30 years coaching experience/Worked Camps/Clinics on 5 Continents

Thursday, September 19, 2013

Life as an Assistant Basketball Coach in Indiana

After being the varsity basketball coach at a local high school for 7 years after having been an assistant the previous 13 years has given me some perspective on the coaching profession.  Before being a head coach, my main goal was climbing the ladder to success.  Everything I did was focused on getting that head coaching position.  To be honest, I wasn't always the most supportive assistant because I had ways that I would do some of the coaching and I wasn't in charge.  I was as supportive as many young assistants, but not to the point I should have been.  Call it the selfishness of wanting to climb the ladder, but I wasn't always as I should have been.

Then after 7 years of being in charge and seeing and dealing with all of the things that a head coach does, I realized that all head coaches are usually doing the best that they can.  There are some bad ones out there for different reasons, but most are trying to do what's best for the players as well as the team.  Now, after that experience I am an assistant again.  I have little of the pressure of the head coach and have a different perspective than I did in my 20's.

My job as an assistant is to be a "yes" man to a limit.  My job is to give support to the head coach in ways that he asks, but also in ways that maybe he doesn't see.  My job is to attempt to take some of the pressure off him in his daily duties.  My job is to support him in public whether he is around or not and to not tolerate negative talk about him from the players, parents, or fans around me.  My job is to defend him at all costs and any questions I have should be addressed between he and I and not with people with an agenda.  My job is to sell the program to anyone and everyone who will listen assisting with the young elementary players all the way to the alumni.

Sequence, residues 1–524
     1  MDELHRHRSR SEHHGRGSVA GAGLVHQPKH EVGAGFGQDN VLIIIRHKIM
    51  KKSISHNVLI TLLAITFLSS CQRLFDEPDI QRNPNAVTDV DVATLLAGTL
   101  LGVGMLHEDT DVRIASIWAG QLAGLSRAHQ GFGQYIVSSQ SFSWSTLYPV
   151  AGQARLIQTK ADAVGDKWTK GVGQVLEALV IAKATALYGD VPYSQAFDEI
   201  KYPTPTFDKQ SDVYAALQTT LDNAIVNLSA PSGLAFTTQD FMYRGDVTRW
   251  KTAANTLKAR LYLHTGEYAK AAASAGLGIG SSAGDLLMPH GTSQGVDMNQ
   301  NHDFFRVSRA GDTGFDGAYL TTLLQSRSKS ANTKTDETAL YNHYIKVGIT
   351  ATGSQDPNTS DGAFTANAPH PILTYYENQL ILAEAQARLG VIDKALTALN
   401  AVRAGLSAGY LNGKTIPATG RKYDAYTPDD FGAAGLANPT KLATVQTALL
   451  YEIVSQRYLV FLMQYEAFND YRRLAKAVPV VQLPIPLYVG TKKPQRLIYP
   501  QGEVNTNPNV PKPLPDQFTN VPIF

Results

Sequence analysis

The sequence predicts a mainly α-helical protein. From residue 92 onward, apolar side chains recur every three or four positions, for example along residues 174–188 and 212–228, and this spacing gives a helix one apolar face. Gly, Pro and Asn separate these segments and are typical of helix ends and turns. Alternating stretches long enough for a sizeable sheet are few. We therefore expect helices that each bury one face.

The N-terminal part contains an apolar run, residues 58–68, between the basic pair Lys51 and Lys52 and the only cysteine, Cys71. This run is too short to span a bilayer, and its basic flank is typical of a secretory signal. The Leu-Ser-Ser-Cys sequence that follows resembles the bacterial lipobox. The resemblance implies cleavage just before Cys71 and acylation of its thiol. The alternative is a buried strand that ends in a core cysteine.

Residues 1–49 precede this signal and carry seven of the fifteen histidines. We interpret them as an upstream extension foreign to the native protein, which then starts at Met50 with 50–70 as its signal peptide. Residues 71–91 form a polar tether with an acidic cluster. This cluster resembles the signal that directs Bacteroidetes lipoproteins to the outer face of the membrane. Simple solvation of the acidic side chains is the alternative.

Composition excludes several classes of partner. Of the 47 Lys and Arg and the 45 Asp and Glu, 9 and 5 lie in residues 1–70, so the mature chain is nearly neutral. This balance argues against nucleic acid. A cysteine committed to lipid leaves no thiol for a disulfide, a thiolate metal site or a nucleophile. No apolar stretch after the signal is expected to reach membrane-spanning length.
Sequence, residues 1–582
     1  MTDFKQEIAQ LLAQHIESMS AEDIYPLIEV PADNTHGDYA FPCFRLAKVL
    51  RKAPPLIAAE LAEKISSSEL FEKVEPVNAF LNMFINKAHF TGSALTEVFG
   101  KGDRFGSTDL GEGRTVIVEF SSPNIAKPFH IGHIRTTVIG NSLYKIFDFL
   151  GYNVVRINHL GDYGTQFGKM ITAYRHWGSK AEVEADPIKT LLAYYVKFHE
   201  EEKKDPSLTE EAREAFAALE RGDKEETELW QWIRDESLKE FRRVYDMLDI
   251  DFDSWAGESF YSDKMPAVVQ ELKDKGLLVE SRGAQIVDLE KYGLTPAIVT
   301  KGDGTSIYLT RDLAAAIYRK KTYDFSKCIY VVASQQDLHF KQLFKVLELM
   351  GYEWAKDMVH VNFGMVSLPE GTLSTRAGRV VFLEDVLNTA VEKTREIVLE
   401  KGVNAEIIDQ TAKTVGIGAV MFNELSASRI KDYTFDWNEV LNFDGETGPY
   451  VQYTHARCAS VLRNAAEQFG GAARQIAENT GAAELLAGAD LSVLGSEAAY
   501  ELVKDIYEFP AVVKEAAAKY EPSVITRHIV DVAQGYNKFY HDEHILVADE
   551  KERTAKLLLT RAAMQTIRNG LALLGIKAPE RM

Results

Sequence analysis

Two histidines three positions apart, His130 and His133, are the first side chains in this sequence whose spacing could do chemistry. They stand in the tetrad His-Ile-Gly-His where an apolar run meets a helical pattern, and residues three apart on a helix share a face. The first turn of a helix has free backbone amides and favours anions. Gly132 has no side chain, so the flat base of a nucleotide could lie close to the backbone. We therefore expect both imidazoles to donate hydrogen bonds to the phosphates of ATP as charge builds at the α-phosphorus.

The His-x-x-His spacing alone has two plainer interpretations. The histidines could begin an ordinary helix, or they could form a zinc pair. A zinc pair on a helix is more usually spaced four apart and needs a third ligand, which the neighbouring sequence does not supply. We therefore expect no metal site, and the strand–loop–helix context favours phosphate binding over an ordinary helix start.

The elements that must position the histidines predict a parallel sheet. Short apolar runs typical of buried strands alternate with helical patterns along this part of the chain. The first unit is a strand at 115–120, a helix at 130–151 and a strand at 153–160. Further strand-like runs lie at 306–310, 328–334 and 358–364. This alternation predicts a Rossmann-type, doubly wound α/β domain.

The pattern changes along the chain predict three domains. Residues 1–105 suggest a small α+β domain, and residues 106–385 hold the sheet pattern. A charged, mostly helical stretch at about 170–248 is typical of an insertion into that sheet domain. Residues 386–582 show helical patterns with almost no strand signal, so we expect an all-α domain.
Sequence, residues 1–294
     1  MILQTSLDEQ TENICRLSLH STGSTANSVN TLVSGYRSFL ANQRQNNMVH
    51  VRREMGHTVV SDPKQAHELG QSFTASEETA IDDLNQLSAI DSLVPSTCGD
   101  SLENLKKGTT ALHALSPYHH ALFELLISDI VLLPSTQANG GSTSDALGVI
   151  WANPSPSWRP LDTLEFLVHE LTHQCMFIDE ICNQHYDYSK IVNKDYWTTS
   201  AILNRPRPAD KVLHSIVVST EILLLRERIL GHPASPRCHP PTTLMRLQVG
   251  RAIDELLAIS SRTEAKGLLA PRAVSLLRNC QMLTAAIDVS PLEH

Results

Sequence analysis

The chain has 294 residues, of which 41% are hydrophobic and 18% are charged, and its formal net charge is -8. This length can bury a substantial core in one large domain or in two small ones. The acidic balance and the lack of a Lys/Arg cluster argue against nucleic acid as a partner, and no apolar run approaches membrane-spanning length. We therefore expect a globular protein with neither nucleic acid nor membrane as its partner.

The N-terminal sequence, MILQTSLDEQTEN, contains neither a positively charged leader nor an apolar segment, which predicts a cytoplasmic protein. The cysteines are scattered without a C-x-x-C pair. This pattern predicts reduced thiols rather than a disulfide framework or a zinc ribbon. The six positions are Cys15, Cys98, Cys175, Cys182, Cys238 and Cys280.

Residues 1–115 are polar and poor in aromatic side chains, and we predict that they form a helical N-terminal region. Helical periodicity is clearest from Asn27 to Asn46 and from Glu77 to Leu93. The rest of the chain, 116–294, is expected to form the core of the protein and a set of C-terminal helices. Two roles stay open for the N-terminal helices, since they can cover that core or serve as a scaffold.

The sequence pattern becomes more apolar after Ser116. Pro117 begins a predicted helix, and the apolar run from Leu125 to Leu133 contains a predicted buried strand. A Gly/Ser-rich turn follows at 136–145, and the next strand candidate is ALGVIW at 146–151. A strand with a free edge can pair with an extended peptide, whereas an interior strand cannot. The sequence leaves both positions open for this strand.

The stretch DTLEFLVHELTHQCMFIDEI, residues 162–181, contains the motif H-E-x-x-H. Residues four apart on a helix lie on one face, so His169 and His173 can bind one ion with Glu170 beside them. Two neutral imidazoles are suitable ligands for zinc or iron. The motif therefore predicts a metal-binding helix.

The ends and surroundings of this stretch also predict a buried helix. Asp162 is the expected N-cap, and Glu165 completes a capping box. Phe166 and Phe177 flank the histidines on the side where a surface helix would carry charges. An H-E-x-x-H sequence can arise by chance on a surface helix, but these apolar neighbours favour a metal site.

My job as an assistant hasn't changed from when I was younger, I should have been doing those same things.  What has changed is I have now let go of the selfish ambition of my youth into the helpful assistance of my early middle age.  There will be more help from me than before and there will be more smiles also.  Because I will be giving advice and not making decisions.  Giving advice is an easy job, everyone can do it, however, making decisions is a hard job and few people want to do that.